Managing employees after the pandemic

As we return to traditional ways of working and emerge from the pandemic, businesses are having to give consideration to managing their teams face to face again.  Some key areas to consider are listed below:

Employee wellbeing

Throughout the course of the pandemic, mental health has been exacerbated and has become one of the most significant topics within the workplace. It is extremely important to discuss employee wellbeing and provide an outlet for employees if they need help.

Implementing an Employee Assistance Programme helps employees access support from qualified and skilled counsellors but if this is not practical then consider training managers to become Mental Health First Aiders, to ensure you organisation is adequately prepared to manage any issues that arise.

Ensure that any return to the workplace from the pandemic is communicated clearly, helping employees to return to work, understanding how the office will function and what measures have been put in place which may be different from the way the office operated previously.  

Working time and time off

It is important to ensure that employees have been able to take their annual leave, and if there has been holiday carried over that the arrangements for using it are clear. Encourage employees to schedule in their annual leave by a certain date/month to ensure everyone takes their annual leave for the year. Communicate any temporary change to holiday rules and ensure that a check is done on who has outstanding leave so that there is not a build-up of accrued holiday at the end of the year.

Make sure that healthy conversations are held around attendance – reporting absence and lateness and ensuring that those employees who are still working remotely are properly managed in respect of their working time.  Whilst lateness was a significant topic of conversation pre-pandemic, throughout the duration of the pandemic the concern has now turned to employees working more than their contracted hours when at home, as they struggle to differentiate between home and working life.

If you do have employees working from home, consider if they are working more than their contracted hours. To overcome this, either change their contracted hours or refrain from contacting them outside of working hours.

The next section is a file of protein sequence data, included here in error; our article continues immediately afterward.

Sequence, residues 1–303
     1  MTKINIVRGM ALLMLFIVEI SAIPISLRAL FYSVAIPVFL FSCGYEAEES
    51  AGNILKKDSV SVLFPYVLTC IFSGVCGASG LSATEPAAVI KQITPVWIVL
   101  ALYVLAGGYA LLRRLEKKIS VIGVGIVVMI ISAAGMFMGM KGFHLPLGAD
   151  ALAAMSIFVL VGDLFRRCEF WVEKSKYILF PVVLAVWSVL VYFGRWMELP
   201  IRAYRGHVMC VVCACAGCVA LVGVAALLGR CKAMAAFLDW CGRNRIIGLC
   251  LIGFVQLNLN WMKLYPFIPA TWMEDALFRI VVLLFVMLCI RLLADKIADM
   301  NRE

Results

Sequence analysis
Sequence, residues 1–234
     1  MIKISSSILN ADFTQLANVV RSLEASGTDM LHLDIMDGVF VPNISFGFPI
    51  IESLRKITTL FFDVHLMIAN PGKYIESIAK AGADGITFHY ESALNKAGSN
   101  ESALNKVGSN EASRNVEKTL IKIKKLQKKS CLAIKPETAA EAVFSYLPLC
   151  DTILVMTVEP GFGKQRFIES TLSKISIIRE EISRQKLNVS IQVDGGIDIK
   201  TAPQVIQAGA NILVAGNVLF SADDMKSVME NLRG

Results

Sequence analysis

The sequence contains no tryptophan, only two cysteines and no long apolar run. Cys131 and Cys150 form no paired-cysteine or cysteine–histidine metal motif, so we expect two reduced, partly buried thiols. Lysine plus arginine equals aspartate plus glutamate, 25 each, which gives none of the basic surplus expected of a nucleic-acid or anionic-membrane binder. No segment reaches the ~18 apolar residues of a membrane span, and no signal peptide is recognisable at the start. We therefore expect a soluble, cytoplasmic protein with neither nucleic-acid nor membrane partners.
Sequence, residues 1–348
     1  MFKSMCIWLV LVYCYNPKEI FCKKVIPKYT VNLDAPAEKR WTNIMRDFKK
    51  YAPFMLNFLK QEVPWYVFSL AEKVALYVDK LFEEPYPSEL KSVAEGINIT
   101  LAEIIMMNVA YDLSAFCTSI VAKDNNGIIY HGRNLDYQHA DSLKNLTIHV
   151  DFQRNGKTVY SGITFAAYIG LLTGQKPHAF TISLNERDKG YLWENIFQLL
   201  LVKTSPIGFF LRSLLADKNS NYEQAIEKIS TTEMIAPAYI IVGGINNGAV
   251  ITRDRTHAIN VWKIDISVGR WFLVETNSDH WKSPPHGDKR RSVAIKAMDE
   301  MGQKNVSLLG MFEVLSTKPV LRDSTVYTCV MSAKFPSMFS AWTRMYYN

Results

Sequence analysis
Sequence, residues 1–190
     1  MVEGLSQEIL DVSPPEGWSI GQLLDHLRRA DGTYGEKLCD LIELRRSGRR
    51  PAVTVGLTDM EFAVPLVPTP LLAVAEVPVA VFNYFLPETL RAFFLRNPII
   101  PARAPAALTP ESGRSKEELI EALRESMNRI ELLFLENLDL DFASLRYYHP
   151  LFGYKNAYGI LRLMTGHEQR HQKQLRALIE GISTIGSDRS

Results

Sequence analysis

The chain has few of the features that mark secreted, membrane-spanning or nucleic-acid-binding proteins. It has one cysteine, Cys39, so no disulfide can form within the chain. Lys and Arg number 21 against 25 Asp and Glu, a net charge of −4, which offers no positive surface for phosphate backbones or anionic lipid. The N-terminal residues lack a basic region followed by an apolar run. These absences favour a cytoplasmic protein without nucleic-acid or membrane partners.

Issuing and updating essential documents.

Under the Good Work Plan which introduced a raft of employment legislation changes in 2020, employees must now receive a contract of employment from day 1 of employment and this must also be signed before they start.

Prepare new employees’ contract of employment in plenty of time before their start date and use clear and concise language within the contract of employment, avoiding legal language where possible, to ensure that employees can easily understand what is being offered and expected of them.

Remember too, that if you wish to make changes to an employee’s terms or conditions once they have been agreed, there must be consultation and agreement from both parties before any change is made.


Many workplaces have grappled with the controversial topic of whether their employees are vaccinated or not. Whilst you cannot make vaccination mandatory within your workplace (unless you are a business that falls under the mandatory vaccination set by the government) it may be important to establish the proportion of your workforce who are vaccinated to understand who would be able to return to work if they received a negative PCR test, following close contact with a positive case.  There is no issue with asking employees to confirm their vaccination status; but beware of making judgements based on the information you receive.  Please note, that whilst you can ask this question, employees do not need to answer the question.

Health and Safety

All businesses need to carry out risk assessments. If an employee is working from home you must carry out a Display Screen Equipment assessment to ensure the space is safe and comfortable for long-term working. These notes should also be safely stored so that you can refer back to them. You must ensure equipment is available to employees working remotely so that they can carry out their job.

Considering these important elements now will result in better communication and planning and hopefully alleviate any difficult conversations as employees return to more normalised forms of working. For further advice on any of these subjects contact


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